Wednesday, December 07, 2005

User Experience As Sustainable Advantage

If you want to see people finally starting to quantify and analyze why businesses need UX practitioners, read the excellent McKinsey Quarterly article on "tacit interactions" as a sustainable competitive advantage. (registration req'd) The article presents many charts and numbers on how hiring of knowledge workers is exploding. Please check them out, but I want to discuss their conclusions here.
Raising the labor performance of professionals won't be easy, and it is uncertain whether any of the innovations and experiments that some pioneering companies are now undertaking will prove to be winning formulas. As in the early days of the Internet revolution, the direction is clear but the path isn't. That's the bad news —or, rather, the challenge (and opportunity) for innovators.

The good news concerns competitive advantage. As companies figure out how to raise the performance of their most valuable employees in a range of business activities, they will build distinctive capabilities based on a mix of talent and technology. [snip] Best practice thus won't become everyday practice quite as quickly as it has in recent years. Building sustainable advantages will again be possible —and, of course, worthwhile.
The next revolution in interactions (registration req'd)

UX practitioners by nature constantly handle the complex interactions. By continuing to produce effective interactions with customers, both internal and external, our argument about how to demonstrate our value as purveyors will seem quaint and unnecessary. Plus, we were in the thick of the Web's emergence, and we will be in the thick of these new trends.
Jobs involving the most complex type of interactions —those requiring employees to analyze information, grapple with ambiguity, and solve problems —make up the fastest-growing segment.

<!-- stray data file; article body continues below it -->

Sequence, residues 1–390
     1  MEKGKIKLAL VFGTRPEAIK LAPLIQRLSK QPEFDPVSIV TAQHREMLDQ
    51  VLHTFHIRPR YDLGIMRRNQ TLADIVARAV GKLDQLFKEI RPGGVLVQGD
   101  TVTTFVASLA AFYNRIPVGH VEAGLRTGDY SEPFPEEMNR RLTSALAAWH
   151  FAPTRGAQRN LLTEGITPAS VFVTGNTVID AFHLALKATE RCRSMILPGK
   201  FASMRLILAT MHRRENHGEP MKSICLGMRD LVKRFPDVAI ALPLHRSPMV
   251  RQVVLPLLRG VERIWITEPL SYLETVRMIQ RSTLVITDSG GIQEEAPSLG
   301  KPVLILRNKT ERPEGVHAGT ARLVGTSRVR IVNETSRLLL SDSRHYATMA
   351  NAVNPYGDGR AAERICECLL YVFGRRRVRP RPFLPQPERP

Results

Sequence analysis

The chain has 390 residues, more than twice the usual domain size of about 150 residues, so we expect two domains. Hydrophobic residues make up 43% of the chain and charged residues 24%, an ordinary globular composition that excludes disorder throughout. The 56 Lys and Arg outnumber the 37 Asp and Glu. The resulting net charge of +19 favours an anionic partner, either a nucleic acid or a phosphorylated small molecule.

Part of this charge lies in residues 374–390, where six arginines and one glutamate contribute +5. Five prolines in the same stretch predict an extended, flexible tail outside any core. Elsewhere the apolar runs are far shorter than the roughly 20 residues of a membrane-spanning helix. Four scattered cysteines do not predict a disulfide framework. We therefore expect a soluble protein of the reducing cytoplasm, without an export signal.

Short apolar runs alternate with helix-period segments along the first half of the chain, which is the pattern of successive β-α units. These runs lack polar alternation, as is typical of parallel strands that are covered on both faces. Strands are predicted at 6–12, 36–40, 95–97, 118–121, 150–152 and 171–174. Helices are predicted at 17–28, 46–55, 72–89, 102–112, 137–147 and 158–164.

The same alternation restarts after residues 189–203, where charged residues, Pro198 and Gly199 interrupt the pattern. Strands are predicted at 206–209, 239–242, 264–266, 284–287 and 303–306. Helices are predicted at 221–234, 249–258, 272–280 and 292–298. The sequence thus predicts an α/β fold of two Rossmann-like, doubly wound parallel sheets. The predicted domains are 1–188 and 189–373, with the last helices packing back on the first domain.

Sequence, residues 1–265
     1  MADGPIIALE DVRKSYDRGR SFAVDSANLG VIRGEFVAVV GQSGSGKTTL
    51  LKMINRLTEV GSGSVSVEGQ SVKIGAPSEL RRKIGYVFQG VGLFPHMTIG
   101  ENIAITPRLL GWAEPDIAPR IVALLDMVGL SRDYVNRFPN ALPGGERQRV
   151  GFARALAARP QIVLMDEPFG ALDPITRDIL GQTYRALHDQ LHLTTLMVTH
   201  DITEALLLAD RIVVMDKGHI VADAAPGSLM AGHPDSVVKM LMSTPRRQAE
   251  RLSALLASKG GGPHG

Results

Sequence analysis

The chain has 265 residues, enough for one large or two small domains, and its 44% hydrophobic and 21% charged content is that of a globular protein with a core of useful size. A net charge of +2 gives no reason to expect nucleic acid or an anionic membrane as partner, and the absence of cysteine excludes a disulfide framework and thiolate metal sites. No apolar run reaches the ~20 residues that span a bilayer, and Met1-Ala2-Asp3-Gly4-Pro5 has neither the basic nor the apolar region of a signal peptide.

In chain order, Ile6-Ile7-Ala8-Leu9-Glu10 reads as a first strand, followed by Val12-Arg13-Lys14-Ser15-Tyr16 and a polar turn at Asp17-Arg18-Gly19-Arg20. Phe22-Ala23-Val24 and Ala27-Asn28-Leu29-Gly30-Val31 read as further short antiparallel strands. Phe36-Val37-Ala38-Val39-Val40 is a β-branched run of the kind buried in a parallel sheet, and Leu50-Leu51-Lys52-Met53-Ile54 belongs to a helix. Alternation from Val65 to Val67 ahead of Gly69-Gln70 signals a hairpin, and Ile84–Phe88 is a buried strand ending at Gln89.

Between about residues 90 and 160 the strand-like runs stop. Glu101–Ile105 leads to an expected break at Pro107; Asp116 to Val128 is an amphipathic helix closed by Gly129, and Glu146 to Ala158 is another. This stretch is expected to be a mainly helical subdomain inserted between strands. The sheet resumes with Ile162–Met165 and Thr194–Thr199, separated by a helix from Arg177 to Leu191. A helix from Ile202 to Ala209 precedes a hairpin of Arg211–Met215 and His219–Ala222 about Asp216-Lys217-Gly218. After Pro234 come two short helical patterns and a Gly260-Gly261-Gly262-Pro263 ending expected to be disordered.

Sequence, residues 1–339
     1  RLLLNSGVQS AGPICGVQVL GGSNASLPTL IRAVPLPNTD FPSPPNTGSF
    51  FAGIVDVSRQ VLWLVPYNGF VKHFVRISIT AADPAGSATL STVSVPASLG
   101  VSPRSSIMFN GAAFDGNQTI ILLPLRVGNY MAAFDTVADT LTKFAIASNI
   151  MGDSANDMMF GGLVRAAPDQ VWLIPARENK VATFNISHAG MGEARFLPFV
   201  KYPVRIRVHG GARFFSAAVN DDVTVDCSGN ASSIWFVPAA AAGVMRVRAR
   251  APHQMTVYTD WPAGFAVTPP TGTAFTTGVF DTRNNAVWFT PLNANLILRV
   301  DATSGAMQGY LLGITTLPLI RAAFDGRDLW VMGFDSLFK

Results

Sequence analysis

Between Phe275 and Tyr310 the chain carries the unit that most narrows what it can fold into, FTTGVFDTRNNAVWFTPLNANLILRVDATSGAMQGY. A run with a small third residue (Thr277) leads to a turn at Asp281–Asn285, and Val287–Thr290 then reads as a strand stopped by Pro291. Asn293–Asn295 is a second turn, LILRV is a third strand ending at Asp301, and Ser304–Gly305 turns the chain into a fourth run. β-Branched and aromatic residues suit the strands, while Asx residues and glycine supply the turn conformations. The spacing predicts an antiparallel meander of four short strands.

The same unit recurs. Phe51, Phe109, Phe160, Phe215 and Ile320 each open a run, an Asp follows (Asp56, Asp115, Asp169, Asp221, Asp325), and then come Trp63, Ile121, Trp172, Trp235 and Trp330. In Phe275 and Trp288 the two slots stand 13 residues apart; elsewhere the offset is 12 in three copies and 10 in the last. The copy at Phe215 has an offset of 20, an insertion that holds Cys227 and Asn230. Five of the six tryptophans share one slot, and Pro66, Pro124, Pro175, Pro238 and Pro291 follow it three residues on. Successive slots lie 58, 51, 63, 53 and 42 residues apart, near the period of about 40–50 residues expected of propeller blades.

The next revolution in interactions (registration req'd)

Sound familiar? Along with our ability to set context and capture information within a multi-dimensional space, we provide key connections between the various parties. As the transactional nature of business practice relaxes, our abilities to generate multiple approaches and solve problems become increasingly important - and less about technology.

We are developing our skillsets by adding people management, negotiation, budgeting, and political wiles. Add into this mix new software tools and networks (Web "2.0") that enhance our brainpower, we seem to be creating personal competitive advantage.
Technology and organizational strategies are inextricably conjoined in this new world of performance improvement.
The 21st-century organization (abstract)

This statement demonstrates why the Information Architect stands at the crux of these issues. We improve the performance of the customer (Internet) and employee (intranet) interactions with technology (interfaces).

Why not try lessening our focus on the technology interface and put it more on the organization and its interactions? Our understanding of the customer interaction has led us directly into the teeth of the need for organizational redesign in most companies. We should follow these possibilities.

Companies like MIG, Adaptive Path, and Ideo are turning towards the less technology-heavy issues to those of process, people, and strategic interactions. This is a very exciting development.

How many times have we dealt with bureaucratic policies of a corporation or a governmental organization - and experienced frustration similar to that of a usability participant? Too many times to count, I'm sure.

Our skills can help organizations do something about it, and the organizations are starting to wake up to that fact. We are ready for the challenge.

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